Tuesday, April 15, 2008

Slowdown unlikely to cut demand for steel.

World steel demand is expected to grow strongly this year, despite concerns about the performance of the US and European Union economies, according to the industry's world body.

Demand from the Bric countries of Brazil, Russia, India and China and other emerging economies will push demand up to almost 1.3bn metric tonnes, a rise of 6.7% over 2007, the International Iron and Steel Institute (IISI ) said in its latest forecast.

Growth in 2009 is likely to rise by about 6.3%, according to the institute, which represents 180 steel makers across the world.

Ku-Taek Lee, the IISI chairman, said: "The underlying assumption behind this forecast is that, although some weakening in the US and EU economies is expected, demand for steel will remain healthy thanks in part to the emerging markets, which will maintain their dynamism."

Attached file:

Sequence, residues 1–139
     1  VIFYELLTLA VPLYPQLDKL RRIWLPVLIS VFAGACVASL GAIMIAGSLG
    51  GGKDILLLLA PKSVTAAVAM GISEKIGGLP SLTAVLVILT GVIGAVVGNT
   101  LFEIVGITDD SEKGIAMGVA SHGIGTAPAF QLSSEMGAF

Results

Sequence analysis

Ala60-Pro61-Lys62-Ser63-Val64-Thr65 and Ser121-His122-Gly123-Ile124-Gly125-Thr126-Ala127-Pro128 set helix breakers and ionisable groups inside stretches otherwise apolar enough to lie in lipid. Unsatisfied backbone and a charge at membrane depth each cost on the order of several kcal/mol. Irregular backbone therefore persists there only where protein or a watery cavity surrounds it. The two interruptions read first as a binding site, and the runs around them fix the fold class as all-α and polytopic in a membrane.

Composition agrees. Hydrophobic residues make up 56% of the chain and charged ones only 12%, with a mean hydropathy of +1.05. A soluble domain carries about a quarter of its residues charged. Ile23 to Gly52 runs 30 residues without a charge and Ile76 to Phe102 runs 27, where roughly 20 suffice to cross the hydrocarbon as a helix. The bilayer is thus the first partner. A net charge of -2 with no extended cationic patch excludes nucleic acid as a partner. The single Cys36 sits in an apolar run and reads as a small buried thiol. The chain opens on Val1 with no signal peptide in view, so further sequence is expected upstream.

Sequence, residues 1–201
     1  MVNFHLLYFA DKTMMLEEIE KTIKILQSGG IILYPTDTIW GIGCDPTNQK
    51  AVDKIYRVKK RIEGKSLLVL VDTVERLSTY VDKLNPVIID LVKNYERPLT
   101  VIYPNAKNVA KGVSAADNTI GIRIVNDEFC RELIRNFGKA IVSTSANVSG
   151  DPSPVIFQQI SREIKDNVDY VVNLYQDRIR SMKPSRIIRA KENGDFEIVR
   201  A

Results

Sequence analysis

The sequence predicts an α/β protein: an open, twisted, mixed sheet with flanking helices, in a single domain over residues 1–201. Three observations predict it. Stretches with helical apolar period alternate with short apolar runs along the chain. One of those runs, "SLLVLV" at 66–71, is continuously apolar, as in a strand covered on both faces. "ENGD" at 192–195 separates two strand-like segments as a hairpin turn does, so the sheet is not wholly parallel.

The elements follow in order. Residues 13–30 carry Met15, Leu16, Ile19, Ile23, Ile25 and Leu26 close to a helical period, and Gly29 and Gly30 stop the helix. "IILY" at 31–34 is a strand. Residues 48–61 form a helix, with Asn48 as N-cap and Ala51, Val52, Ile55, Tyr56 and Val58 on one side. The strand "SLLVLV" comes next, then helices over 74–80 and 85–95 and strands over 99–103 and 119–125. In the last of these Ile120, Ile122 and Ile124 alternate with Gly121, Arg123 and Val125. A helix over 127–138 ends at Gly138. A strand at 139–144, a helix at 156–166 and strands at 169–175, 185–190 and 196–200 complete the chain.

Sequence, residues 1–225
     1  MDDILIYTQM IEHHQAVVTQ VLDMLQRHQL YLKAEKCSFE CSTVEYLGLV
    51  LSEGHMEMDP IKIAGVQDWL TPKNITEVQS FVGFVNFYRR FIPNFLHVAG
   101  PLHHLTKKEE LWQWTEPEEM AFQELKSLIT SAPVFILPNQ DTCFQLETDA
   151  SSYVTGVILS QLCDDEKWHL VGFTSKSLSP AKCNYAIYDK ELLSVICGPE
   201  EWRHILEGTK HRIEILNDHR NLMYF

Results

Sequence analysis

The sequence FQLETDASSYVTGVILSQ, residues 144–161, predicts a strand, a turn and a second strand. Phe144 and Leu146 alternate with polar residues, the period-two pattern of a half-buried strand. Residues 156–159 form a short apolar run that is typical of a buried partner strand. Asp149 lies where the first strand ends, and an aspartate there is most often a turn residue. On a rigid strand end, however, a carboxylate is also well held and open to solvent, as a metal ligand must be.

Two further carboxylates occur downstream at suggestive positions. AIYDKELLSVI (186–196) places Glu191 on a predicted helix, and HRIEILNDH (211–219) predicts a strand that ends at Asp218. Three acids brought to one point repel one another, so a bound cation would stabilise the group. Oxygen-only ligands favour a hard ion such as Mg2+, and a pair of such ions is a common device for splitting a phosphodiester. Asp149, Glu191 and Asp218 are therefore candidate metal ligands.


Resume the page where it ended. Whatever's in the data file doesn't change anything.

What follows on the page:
The buoyant outlook from the IISI contrasted with a more sombre approach from investors in the far east. Shares in several of the region's steel makers fell yesterday after Posco of South Korea, the world's fourth largest producer, said it was not planning to raise prices unless raw material costs soared.

The institute said it expected demand from the Bric countries to rise by just over 11% this year, and by 10.3% in 2009, but rising demand in other emerging economies would narrow the gap in growth rates between the Bric countries and the rest of the world.

Apparent steel use, which includes inventories, is expected to rise by 11.5% in China, taking its share of world steel consumption to 35% this year.

Read the full story at the Guardian

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